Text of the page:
science of us

A Case for Giving Brief, Imperfect Massages

Photo: Bertrand Taoussi/EyeEm/Getty Images

The other day my friend got a massage, and she described it as being so painful that she was almost in tears. She said she’d been tempted to tell the guy to go lighter, but for whatever reason she “toughed it out,” and then, afterward, felt “like a million bucks.” Immediately I wanted the same thing — to be touched, for it to hurt, and for it to make me feel even better once it was over.

My life has been pretty solitary lately, and it can be weird to go for so long without being touched. It’s also weird to realize I’m sort of keeping track. Does a handshake count? A one-armed hug? I hugged a few people lightly at that one party…

In a recent story on Elemental, Medium’s newish health section, journalist Markham Heid investigates the science behind why human touch can alleviate pain. He notes something called the “gate control theory of pain” (first proposed in 1965), which suggests that feelings of physical pressure (i.e. massage) can override feelings of pain by essentially blocking the brain’s “gateway” to pain input. This is why when we bang our elbow, for instance, we instinctively apply pressure. The gate control theory is still a leading theory behind how and why the body experiences pain. (It’s also behind the reasoning for virtual reality pain distraction.) Apparently self-massage is better than nothing, too, and even a tennis ball rolled against the skin can be effective, Heid finds. “Massage therapy will probably always have its haters,” he writes. “But its credibility is hard to dispute.”

Massage has also been shown to decrease both stress and anxiety, in part by stimulating the vagus nerve, which is a member of the parasympathetic nervous system and essential for calming the body down. Massage can also lower blood pressure, boost the immune system, and help with insomnia. (I enjoyed the sort of fun fact that the benefits of massage can’t be “proven” in double-blind studies, since there’s no way of performing a placebo massage. Not yet, anyway.)

Other studies suggest that massage might be to people what the act of petting is to our cats and dogs. Apparently the parts of our brain that appear linked to the enjoyment of physical touch — the insular cortex and the orbitofrontal cortex, for instance — are the same-ish ones that activate in our pets when we rub their heads and stroke their backs. I admire the 2016 study that observed what happened when human participants were “stroked for 40 minutes with a soft brush”: The experience was “perceived as pleasant.” (I am reminded of my favorite dog-massage ASMR video.)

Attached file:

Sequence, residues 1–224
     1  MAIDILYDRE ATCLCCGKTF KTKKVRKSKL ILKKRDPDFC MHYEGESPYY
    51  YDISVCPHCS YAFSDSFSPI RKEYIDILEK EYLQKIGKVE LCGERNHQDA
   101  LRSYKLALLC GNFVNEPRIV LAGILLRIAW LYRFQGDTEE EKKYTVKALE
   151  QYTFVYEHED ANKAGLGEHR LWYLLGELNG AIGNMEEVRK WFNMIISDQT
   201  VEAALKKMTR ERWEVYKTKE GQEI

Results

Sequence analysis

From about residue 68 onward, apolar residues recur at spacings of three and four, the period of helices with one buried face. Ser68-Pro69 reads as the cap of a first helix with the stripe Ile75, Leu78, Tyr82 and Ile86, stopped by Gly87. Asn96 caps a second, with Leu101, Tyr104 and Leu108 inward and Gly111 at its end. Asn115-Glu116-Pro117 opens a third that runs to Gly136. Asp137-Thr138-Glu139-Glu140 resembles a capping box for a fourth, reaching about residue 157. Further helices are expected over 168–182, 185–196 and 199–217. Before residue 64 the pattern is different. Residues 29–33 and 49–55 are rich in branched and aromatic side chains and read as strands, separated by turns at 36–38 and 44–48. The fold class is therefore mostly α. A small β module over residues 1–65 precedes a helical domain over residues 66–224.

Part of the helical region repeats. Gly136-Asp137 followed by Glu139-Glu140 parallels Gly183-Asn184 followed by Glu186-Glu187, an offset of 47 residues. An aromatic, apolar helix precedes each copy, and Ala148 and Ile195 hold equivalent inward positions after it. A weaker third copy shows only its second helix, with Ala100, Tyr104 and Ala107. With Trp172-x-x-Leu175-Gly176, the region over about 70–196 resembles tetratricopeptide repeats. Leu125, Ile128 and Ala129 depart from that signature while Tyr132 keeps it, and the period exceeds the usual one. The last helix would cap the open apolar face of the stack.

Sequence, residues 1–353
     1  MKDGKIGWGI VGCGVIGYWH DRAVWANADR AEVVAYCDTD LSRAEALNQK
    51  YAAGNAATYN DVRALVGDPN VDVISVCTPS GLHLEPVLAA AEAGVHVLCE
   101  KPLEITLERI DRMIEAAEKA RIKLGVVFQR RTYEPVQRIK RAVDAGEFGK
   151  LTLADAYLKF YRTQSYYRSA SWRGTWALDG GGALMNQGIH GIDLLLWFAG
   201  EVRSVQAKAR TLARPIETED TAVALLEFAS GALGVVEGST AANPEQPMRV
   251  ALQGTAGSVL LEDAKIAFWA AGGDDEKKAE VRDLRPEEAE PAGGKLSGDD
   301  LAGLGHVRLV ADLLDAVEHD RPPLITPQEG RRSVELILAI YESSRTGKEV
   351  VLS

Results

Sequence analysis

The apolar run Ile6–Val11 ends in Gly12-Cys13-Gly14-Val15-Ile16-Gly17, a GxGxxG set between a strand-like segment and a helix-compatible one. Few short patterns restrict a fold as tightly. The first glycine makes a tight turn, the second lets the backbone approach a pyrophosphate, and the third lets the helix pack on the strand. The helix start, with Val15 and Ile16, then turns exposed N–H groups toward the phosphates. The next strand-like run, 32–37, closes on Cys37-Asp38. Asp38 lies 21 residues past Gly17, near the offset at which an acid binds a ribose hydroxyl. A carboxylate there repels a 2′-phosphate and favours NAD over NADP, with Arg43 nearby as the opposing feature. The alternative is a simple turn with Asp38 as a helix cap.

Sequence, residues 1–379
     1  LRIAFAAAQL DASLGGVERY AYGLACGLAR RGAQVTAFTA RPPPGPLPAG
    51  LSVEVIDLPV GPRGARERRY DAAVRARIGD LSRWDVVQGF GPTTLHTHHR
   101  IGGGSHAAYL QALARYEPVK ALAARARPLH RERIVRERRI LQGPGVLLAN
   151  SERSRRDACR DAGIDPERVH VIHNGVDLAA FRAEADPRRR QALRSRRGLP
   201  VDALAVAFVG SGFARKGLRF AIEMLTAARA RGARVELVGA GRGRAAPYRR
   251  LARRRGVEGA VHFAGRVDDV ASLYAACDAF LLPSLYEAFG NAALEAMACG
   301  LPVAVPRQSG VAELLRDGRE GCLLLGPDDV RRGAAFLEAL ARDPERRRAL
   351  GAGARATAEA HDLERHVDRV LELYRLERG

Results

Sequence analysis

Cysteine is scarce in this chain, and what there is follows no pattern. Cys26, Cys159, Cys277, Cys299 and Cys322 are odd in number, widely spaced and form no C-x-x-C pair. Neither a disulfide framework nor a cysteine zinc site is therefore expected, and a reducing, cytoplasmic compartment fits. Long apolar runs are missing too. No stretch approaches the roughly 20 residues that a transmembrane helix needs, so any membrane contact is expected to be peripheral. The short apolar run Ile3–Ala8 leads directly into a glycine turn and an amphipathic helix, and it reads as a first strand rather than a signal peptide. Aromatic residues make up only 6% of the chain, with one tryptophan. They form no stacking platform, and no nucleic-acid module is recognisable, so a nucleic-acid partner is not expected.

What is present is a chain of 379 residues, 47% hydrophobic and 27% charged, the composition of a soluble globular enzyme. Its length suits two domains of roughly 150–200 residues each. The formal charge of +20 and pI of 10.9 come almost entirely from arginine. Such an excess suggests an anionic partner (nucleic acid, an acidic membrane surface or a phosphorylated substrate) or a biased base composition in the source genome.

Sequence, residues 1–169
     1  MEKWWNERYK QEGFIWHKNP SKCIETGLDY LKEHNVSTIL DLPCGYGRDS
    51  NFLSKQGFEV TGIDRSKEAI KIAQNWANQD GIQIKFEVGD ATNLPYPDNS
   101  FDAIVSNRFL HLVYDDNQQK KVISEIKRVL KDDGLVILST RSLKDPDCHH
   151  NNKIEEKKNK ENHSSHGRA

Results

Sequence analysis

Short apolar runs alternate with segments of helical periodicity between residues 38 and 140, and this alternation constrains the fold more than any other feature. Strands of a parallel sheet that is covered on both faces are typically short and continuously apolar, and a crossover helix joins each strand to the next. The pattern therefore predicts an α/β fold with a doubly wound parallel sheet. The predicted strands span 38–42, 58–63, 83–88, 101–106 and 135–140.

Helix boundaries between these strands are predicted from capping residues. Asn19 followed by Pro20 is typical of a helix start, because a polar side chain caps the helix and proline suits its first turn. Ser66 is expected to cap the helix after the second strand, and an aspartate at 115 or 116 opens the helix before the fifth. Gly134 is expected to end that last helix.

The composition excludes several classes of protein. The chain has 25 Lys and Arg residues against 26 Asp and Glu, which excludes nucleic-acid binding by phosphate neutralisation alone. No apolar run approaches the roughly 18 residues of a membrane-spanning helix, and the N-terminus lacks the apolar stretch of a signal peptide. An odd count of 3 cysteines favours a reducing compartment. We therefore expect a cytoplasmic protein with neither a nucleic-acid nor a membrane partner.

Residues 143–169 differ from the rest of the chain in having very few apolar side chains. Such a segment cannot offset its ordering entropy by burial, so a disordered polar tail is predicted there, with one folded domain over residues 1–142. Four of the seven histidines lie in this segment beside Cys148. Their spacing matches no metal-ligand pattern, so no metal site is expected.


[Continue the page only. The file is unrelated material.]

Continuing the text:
People have always massaged one another, around the world: There’s Swedish massage, Chinese tui na, Indian Ayurvedic massage, Turkish massage, Japanese shiatsu, and Thai massage, to name a few. In ancient Greece, Hippocrates apparently recommended a form of massage for athletes recovering from injuries. Growing up, my friends and I would sometimes exchange 15-minute massages at sleepovers. While the average hour-long massage in the United States cost $72 in 2017, according to the American Massage Therapy Association (and massage was a $16 billion industry that year), maybe there’s some version of this brief, at-home massage exchange we could incorporate back into our lives as adults, if the methodology doesn’t matter as much as the basics of human touch.

A few years ago my friend Logan and I went to India together. While we were there, she got a head and scalp massage that I later tried to re-create for her when we were back in Brooklyn. I brought various oils to her apartment, and for an hour or so, I massaged her head, face, and scalp while she zoned out on her bed. At first we were chatting, but then we weren’t, and eventually I got lost in the moment, too. It’s hard to talk about things being “sensual” without immediately sounding like you mean “sexual,” but it would be nice to reclaim some of that sensual pleasure exchange among friends.

A Case for Giving Brief, Imperfect Massages